To push lokpal through, govt may dilute own bill | delhi | Hindustan Times
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To push lokpal through, govt may dilute own bill

delhi Updated: Mar 24, 2012 02:21 IST
HT Correspondent
HT Correspondent
Hindustan Times
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The UPA government may finally drop the idea of setting up anti-graft lokayuktas in the states through the lokpal bill pending in Parliament. For, 18 of the 21 political parties are still opposing it and the government doesn’t have the numbers to ride roughshod over them.

But the Centre may consider the suggestion made by leader of the Opposition in Rajya Sabha Arun Jaitley to make the setting up of lokayuktas through the bill optional — instead of mandatory, as the bill now stipulates.

At the all-party meeting on Friday — convened two days before Anna Hazare’s planned fast for early passage of the bill — Prime Minister Manmohan Singh indicated that the government was not in a hurry to pass the bill that faced 187 amendments in the last Rajya Sabha session.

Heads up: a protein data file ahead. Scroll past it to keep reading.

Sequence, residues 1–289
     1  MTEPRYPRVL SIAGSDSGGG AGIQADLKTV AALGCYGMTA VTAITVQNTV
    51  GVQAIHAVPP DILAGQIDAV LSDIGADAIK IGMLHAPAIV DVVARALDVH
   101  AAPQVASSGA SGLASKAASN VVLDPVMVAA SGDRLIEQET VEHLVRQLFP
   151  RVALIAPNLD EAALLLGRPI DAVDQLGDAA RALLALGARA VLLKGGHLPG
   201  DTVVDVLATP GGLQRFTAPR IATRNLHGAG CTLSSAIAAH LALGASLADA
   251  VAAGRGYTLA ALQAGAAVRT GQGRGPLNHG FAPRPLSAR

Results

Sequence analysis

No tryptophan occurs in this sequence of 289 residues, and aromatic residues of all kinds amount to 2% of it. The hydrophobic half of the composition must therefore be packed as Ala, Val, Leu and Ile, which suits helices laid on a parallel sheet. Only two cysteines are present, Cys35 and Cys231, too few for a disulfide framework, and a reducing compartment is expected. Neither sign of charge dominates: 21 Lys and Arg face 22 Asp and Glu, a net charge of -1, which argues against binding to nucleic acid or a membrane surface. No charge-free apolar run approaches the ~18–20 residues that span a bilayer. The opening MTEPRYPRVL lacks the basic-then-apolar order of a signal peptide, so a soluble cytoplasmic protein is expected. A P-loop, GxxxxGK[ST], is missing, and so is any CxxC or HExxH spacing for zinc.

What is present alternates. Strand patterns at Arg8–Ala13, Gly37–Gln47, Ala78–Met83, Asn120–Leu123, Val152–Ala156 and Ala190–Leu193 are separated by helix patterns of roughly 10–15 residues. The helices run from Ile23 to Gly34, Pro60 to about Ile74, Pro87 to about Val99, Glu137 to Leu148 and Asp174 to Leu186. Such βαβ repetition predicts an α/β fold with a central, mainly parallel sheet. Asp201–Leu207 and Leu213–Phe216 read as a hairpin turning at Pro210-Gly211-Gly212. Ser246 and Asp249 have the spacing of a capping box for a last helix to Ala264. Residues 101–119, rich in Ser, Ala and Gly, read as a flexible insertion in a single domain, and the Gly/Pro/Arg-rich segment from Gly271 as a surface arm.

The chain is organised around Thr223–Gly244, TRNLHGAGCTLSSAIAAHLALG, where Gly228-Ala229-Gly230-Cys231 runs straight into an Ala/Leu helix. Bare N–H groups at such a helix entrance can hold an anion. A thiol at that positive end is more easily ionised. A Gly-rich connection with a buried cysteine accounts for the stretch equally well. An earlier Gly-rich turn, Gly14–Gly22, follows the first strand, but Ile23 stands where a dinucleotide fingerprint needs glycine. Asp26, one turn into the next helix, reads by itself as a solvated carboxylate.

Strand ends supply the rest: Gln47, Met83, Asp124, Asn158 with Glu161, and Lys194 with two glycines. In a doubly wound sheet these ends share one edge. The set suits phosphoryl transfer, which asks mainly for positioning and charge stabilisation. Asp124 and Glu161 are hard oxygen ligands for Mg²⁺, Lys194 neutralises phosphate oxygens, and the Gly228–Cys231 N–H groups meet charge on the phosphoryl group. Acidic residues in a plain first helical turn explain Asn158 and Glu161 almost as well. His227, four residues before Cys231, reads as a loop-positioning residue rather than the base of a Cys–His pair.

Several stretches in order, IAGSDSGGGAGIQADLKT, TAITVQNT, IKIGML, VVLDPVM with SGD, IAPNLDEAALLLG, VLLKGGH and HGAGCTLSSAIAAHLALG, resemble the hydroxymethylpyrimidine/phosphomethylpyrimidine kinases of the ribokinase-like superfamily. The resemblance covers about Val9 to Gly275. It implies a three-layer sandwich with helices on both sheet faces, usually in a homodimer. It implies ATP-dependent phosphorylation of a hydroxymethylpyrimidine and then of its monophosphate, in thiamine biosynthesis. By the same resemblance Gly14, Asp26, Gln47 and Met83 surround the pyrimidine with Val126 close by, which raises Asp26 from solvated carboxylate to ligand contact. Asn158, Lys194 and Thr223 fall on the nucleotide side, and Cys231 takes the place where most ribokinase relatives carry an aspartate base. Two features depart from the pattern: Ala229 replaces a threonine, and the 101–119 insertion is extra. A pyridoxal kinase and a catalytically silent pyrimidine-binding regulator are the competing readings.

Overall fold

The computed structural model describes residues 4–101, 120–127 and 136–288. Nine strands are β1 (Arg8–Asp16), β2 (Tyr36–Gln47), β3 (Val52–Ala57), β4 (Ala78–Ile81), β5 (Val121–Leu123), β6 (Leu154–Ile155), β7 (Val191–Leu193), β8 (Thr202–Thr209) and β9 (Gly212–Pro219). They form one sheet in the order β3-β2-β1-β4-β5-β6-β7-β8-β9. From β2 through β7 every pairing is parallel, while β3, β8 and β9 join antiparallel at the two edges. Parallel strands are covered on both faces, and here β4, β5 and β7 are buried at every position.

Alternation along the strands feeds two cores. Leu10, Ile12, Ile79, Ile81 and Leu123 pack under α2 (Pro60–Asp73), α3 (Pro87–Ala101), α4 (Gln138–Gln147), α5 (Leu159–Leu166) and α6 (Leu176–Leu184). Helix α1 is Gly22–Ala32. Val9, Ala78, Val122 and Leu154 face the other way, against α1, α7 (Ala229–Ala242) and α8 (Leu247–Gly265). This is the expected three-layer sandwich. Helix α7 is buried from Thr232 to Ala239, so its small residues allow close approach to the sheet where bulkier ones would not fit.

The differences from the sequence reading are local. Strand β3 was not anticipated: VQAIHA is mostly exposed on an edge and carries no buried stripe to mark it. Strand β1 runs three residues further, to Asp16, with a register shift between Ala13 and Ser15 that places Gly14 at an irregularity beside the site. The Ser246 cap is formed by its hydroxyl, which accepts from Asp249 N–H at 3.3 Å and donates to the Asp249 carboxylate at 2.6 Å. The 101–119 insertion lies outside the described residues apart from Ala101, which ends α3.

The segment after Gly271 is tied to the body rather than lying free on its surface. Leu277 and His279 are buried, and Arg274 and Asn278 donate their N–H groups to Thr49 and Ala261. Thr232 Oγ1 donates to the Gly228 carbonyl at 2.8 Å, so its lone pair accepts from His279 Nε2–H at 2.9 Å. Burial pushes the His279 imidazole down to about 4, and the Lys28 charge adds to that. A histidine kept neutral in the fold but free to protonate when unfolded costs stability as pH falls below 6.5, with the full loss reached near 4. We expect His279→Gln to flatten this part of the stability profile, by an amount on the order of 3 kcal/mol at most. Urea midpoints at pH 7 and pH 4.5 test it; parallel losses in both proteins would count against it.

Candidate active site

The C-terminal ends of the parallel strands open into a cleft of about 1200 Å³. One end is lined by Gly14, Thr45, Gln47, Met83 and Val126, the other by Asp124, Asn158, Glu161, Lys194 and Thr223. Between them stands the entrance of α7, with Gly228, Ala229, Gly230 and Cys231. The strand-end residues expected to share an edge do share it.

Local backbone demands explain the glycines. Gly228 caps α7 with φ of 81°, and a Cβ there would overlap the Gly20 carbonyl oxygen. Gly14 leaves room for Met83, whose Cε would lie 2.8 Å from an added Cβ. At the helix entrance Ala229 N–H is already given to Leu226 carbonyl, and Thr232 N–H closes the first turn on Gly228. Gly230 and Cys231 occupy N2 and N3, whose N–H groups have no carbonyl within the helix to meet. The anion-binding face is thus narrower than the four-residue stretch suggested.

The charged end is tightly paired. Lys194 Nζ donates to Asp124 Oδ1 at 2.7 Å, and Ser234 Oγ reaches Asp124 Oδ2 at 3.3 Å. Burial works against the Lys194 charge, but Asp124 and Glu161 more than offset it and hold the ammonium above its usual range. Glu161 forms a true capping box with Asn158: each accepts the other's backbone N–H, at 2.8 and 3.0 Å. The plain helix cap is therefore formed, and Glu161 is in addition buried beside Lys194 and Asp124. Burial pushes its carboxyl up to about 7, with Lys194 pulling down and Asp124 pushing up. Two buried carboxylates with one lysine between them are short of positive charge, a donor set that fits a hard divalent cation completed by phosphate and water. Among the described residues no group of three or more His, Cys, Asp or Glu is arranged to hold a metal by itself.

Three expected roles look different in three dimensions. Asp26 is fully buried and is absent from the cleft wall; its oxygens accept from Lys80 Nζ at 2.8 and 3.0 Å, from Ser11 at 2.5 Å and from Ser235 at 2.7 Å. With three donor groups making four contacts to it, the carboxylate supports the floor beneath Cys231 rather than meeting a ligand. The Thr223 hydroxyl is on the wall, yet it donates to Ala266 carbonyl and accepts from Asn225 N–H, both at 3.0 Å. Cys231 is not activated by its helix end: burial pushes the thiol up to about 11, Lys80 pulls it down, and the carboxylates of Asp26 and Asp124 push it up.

He hoped the bill would be passed “during the second half of this budget session”. While admitting that pressure from Hazare has forced the government to bring the bill, the Samajwadi Party’s Mohan Singh said, “The government should send the bill to a select committee of Parliament.” The CPI(M)’s Sitaram Yechury supported this idea.

The Congress, however, did not offer any suggestion at the meeting where Ramvilas Paswan’s LJP and Lalu Prasad’s RJD demanded the entire bill be scrapped.

But Jaitley set the tone by blaming the government for the December 29, 2011 fiasco, when a vote could not be held as the House was adjourned abruptly. Pitching for the CBI’s “independence” from the government, he spoke against the lokpal selection process, government control over the lokpal’s removal and the proposal to bring all NGOs under the lokpal.

Trinamool Congress MP Sukhendu Sekhar Roy said, “We are supporting the government on all other issues, but want the entire reference on the lokayuktas to be removed.”

Finance minister Pranab Mukherjee reportedly doubted the utility of a select committee. “What is the guarantee that parties will take the same stand in the select committee and later in the House?” he reportedly asked.